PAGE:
How to Use Storytelling to Better Understand Your Child

Sometimes the stories that our kids create can be an eye-opener. Take, for instance, the time my three-year-old subtly revealed something that was on his mind through the power of storytelling:

How to use storytelling to better understand your childLet’s write a book, Mama!

That was my three-year-old’s request a few days ago. We had folded and stapled a few sheets of paper together—enough pages to fill with stories and words.

“What do you want our story to be about?” I asked him.

Morris the Monkey!

He was referring to one of his stuffed animals. After writing “Morris the Monkey” with crayon on the cover, I then began my prompts:

“In the morning, Morris the Monkey…” I began, trailing off so he can set the scene.

…woke up from a nightmare.

So with crayon in hand, I wrote just that: “In the morning, Morris the Monkey woke up from a nightmare.” Then I asked him to draw the scene before asking him to elaborate: “What was his nightmare about?”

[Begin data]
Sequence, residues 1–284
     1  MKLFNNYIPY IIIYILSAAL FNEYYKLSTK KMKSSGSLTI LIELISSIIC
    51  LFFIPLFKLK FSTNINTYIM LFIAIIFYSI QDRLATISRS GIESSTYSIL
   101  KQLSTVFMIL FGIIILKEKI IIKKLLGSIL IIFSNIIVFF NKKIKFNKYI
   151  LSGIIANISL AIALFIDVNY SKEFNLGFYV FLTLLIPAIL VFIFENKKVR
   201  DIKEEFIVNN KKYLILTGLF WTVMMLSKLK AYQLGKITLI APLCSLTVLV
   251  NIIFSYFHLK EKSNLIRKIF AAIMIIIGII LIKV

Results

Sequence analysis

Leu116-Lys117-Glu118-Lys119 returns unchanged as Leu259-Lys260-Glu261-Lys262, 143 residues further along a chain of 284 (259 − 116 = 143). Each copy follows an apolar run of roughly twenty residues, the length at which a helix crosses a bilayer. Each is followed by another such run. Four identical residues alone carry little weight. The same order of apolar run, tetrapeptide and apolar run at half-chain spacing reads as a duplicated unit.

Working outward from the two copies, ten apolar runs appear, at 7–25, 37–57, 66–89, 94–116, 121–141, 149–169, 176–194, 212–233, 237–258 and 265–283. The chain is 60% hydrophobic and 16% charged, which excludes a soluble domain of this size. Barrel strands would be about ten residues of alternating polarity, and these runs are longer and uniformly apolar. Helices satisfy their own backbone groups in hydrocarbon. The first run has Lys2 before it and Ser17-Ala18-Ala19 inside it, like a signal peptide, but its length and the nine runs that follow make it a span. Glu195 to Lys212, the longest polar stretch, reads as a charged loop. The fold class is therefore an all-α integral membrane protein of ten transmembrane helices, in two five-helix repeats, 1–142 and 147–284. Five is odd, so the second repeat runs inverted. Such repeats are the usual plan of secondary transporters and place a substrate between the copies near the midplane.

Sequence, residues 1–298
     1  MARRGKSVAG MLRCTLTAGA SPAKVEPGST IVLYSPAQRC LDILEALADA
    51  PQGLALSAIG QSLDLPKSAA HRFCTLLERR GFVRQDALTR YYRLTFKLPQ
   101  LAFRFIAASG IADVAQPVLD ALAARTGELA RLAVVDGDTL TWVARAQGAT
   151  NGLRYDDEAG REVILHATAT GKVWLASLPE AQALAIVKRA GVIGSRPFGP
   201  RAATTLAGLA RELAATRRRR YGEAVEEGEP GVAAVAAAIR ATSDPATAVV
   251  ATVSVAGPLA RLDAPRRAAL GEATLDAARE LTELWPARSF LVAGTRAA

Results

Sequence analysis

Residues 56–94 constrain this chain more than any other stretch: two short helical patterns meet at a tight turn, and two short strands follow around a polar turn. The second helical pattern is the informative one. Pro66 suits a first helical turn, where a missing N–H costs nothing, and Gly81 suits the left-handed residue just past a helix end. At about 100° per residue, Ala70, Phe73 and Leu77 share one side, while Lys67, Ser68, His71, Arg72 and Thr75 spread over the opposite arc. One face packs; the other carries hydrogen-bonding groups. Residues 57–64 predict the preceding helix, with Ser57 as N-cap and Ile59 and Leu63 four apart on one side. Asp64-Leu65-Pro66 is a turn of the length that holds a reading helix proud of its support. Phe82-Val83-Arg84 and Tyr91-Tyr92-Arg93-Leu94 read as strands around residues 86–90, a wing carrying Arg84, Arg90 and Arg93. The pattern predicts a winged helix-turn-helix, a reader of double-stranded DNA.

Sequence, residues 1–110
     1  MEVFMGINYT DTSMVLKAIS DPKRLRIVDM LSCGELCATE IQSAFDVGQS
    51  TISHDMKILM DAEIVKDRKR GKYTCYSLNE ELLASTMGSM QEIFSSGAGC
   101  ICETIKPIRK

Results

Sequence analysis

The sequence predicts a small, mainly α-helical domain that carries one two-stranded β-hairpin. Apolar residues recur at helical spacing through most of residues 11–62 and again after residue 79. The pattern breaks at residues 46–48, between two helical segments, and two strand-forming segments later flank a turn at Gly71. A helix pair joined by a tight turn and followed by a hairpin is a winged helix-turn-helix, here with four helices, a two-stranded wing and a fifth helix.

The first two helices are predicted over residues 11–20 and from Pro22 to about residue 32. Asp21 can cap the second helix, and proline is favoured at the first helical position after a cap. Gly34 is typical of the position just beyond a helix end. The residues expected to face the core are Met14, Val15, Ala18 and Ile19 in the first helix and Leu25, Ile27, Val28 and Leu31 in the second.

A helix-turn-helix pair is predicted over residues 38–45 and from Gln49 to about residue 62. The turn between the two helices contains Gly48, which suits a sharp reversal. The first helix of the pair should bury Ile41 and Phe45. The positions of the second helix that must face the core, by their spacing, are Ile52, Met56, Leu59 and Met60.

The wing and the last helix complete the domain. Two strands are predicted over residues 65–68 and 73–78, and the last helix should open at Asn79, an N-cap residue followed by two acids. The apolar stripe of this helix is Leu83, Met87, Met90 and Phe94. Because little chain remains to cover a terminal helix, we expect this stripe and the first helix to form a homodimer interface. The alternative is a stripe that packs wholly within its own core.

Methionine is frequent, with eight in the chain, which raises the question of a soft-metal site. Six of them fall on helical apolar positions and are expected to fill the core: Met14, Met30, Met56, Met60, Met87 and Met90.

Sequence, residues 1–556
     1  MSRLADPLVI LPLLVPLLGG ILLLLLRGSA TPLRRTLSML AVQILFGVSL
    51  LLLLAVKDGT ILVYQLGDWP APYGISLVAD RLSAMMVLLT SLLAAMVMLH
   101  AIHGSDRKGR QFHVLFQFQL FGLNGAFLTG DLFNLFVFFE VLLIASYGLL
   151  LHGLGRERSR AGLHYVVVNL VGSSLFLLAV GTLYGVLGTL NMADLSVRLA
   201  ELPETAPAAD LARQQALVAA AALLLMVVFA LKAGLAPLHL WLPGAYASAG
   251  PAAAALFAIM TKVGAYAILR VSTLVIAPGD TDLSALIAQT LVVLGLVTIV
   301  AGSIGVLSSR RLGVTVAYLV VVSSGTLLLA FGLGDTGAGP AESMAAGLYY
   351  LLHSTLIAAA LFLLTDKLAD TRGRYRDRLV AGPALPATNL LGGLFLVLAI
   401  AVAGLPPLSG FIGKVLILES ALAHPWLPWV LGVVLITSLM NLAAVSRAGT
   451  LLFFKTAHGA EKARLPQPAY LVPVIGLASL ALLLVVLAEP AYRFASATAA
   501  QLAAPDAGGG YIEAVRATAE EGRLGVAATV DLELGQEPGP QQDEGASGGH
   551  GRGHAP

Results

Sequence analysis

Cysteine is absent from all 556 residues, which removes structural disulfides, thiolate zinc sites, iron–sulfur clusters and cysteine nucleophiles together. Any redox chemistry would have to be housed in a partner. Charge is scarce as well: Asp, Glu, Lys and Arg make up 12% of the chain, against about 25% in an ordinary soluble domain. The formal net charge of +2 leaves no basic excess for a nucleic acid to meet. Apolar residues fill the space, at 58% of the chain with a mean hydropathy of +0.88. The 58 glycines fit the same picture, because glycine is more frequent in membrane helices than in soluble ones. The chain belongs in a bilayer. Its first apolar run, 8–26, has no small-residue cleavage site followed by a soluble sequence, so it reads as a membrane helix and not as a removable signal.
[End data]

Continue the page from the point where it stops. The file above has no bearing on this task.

He was looking at a mirror.

“What did he see in the mirror?”

He saw a light, but it was turned off and very dark. So he couldn’t see if the mirror was getting too big. Because it can get so big that it can go to his side of the bed.

Read the rest at thechicsite.com…

…then tell us: How do you incorporate storytelling with your kids? How useful has it been in helping you better understand your kids? Let us know in the comments below or on thechicsite.com!

Nina

Nina is a working mom to three boys—a five-year-old and toddler twins. She blogs about parenting at Sleeping Should Be Easy, where she writes everything she's learning about being mom and all its joys and challenges. She also covers topics like how kids learn and play, family life, being a working mom and life with twins. Download her free ebook, "Time Management Strategies for the Overwhelmed Mom" for more tips.

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